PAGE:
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Background: The consent and cooperation of patients regarding involvement of medical students in their care is vital to medical education. The use of ultrasound as a teaching modality is being increasingly incorporated in integrated curriculum by medical schools. Recent transitions in medical curriculum have also promoted early clinical visits to all specialties. Patients’ perceptions towards presence of medical students during ultrasound examination have not been explored in previous studies which mostly reported positive attitudes in respective specialty.
Objective: To explore the attitudes of patients towards presence of medical students during ultrasonography.
Methods: This descriptive cross-sectional study was conducted at Radiology department of University of Lahore teaching hospital (ULTH). Two hundred and forty-two patients who came for ultrasound were interviewed during the month of June 2018 using a structured questionnaire.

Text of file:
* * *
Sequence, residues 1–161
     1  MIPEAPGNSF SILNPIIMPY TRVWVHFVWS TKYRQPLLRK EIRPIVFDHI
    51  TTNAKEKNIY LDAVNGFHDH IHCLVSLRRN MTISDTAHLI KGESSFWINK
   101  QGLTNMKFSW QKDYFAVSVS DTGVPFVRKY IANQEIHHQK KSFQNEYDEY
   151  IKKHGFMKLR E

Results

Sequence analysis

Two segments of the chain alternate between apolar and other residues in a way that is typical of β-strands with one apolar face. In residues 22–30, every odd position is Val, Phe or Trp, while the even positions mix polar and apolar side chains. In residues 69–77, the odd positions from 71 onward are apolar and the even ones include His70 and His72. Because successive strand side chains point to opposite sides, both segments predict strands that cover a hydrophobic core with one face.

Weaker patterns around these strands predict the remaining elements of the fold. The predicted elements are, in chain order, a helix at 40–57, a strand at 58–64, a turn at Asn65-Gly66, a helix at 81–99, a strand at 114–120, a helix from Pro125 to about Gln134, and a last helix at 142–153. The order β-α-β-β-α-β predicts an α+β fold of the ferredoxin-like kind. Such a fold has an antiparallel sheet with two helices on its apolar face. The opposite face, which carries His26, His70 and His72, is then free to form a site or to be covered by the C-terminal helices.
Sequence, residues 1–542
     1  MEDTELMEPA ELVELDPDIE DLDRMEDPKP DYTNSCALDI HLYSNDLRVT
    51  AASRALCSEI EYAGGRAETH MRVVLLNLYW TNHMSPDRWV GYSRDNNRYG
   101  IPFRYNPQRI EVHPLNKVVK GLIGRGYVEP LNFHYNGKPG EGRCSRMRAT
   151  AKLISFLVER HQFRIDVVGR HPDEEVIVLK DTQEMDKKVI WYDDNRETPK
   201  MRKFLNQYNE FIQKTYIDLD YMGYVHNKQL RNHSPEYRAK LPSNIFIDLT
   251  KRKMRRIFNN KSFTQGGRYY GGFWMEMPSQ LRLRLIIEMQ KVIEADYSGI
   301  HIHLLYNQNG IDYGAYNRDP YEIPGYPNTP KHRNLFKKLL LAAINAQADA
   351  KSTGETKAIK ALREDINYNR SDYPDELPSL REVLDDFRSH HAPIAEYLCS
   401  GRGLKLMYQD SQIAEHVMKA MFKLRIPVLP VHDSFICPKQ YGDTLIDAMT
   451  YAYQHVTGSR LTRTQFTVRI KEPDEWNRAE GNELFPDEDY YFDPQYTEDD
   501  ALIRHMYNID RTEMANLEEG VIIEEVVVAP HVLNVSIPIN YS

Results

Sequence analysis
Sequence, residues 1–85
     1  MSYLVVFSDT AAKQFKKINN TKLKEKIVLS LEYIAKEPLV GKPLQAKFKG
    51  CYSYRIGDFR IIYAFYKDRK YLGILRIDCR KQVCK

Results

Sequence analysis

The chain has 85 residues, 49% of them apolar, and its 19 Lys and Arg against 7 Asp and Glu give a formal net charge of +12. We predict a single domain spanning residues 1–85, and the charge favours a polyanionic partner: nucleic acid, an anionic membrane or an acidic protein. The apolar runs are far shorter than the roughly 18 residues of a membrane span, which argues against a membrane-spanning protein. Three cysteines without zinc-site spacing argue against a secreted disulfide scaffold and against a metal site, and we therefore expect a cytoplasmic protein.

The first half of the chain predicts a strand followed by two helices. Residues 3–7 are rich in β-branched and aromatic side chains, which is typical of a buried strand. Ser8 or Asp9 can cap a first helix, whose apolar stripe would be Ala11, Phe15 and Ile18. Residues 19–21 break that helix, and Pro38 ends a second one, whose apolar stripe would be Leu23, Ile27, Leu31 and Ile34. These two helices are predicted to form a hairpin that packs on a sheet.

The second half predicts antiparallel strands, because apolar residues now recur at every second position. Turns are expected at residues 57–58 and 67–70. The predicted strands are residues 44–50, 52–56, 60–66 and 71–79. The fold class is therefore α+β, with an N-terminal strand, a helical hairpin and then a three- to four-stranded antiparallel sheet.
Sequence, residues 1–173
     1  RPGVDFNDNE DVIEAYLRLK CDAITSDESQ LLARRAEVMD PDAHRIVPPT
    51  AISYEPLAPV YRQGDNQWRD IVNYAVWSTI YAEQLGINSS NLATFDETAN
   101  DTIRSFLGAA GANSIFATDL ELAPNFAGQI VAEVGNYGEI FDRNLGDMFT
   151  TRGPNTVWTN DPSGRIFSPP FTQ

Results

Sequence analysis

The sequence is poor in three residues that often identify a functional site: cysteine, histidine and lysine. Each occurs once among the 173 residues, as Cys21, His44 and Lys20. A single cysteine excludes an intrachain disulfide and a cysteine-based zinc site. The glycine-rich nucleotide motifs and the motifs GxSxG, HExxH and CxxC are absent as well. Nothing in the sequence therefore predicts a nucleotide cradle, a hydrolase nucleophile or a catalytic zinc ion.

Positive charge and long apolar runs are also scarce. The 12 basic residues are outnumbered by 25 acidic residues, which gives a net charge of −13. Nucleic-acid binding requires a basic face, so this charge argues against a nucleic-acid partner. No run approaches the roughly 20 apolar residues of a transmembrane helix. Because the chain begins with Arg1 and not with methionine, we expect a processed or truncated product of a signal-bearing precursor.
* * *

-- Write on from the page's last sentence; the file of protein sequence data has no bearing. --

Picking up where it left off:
Results: Two hundred and forty-two patients had answered all the questions with 100% response rate. The mean age of participants was 32.32 years with 57% of females. Majority were Muslims (94.6%) and 71% educated to secondary / university level. Of the patients interviewed, 62% approved the presence of medical students during ultrasonography. 58.3% of the patients agreed to be examined by students under supervision, while 74.4% refused to scan by medical students in the absence of a doctor. Most of the patients (79.3%) knew their right to approve or disapprove students’ presence. 64.9% of patients preferred scanning by student of same gender and among them 96% were females. Two third of the patients realize that it is important for students to scan patients as part of their training but they allow only minimum number of students (1-3) to be present during ultrasound examination.
Conclusion: In general the patients had positive attitudes to the medical students’ involvement during ultrasonography. This study highlights the variation in patients’ attitudes towards medical students according to gender, educational status, religion of patient and number of students. It is important that students and clinical supervisors should be aware of and respect the perceptions and integrity of patients involved in medical education.